A Bad Diet Could be Worse than Smoking

Is processed food really worse than cigarettes? The Global Panel on Agriculture and Food Systems for Nutrition recently released a new report that shows poor diets are responsible for more deaths worldwide than alcohol, tobacco, and drugs combined! They analyzed global data from 250 studies and articles, including a new study from Lancet that found diets high in processed foods and lacking in nutritional value were responsible for 11 million deaths a year.

The study was published earlier this month and has fast food restaurants shaking in their boots.

195 countries were studied by Lancet to determine the effects of poor diets on mortality. The conclusion? Too much salt, not enough fruit, and an unbalanced diet were directly responsible for millions of deaths every single year.

Consuming too much sodium led to 3 million deaths worldwide. A lack of whole grains led to another 3 million deaths. 2 million more deaths were accounted for due to a lack of fruit.

Death by fruit, or lack thereof, is more serious than it might sound. Too much salt combined with too little nutrients is a lethal combination. Next time you browse the supermarket aisles, you might want to skip the middle lanes and stick to the perimeters instead.

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Dr. Lawrence Hadad, lead author and executive Director of the Global Alliance for Improved Nutrition claims that globally, 1 in 3 people have poor diets. This makes both junk food and malnutrition more dangerous than smoking, unsafe sex, alcohol, drugs, and even environmental factors like air pollution combined.

With fast food chains spreading across the globe like wildfire and processed foods becoming more readily available, obesity, cancer, heart disease, and diabetes are on the rise. While these health problems are dangerous in the United States, they quickly become lethal in third world countries where medical attention and supplies aren't as easily available.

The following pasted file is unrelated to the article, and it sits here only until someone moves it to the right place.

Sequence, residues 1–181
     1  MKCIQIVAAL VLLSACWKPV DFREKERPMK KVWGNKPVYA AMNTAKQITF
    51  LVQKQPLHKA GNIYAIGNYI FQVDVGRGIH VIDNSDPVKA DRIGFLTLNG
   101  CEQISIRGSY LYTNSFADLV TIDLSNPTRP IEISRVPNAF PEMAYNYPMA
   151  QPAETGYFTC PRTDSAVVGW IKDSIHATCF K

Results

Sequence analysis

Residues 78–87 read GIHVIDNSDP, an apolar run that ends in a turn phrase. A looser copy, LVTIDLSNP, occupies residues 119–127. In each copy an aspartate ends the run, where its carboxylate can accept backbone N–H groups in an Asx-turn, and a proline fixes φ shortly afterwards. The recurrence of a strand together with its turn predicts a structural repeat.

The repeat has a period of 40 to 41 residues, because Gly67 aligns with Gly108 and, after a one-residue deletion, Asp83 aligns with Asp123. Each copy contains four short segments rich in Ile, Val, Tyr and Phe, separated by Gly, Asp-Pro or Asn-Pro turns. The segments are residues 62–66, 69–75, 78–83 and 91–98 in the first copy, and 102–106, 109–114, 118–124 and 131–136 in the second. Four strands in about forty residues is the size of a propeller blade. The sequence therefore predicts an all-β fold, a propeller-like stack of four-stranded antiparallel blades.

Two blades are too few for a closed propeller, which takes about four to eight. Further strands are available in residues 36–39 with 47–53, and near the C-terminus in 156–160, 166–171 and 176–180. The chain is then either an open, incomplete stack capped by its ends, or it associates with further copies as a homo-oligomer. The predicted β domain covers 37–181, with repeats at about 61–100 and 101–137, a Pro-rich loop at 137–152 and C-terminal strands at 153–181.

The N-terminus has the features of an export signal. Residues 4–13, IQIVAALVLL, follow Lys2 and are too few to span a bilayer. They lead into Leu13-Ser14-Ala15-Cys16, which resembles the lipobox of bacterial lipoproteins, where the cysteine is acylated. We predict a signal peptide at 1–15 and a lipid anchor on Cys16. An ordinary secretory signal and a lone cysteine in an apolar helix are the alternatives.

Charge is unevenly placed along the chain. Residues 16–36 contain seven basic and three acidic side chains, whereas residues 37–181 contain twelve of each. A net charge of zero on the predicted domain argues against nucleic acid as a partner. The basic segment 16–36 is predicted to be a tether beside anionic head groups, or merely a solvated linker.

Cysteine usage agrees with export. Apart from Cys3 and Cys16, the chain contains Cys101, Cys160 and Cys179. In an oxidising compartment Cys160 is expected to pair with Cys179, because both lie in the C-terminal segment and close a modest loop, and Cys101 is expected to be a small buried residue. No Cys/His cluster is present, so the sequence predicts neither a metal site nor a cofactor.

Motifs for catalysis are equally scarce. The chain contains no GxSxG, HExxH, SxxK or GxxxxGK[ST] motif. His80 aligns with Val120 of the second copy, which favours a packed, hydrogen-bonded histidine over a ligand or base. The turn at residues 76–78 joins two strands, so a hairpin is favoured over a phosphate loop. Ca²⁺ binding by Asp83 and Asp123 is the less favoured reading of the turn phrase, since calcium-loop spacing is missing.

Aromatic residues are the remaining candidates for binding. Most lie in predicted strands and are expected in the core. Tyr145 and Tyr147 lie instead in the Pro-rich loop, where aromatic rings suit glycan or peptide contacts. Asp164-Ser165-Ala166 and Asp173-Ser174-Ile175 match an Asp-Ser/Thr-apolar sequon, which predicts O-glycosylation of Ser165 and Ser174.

Lancet's study shows that urban populations in Africa are consuming more processed foods than ever before. But, malnutrition and starvation are still also still serious issues. The large income gap in many African countries has led to a health crisis of a divided underweight and overweight population. And it isn't just Africa.

Rates of obesity and diabetes are increasing across the globe and growing the fastest in countries with the lowest GDP.

How are so many populations going from underweight to overweight so quickly? As developing countries see incomes go up, they're also seeing an increase in the amount of processed foods and sugary drinks like sodas being bought and consumed. Processed foods are cheaper, making them seem like the better choice when money is tight.

Urbanization is also responsible for the increase in poor diets around the world. It's estimated that half of the world now lives in cities. The fast pace of city life, and a lack of access to fresh produce, is making processed meals the main food group in developing urban areas.

By 2030, the the United Nations Food and Agriculture Organization estimates that one third of the entire global population will be either overweight or obese.

According to Hadad, the only way to pump the brakes on the rise junk food is too start worldwide nutrition education programs and invest in agriculture research and development. Fast food may be filling people up, but it's also shaving years of of lives.

Next time you're tempted by a Mcdonald's drive through, just keep driving. The take-away here is that decreasing your intake of sodium and adding more whole grains and fruit into your diet can help you live a longer, fuller life. An apple a day, really could just keep the doctor away.

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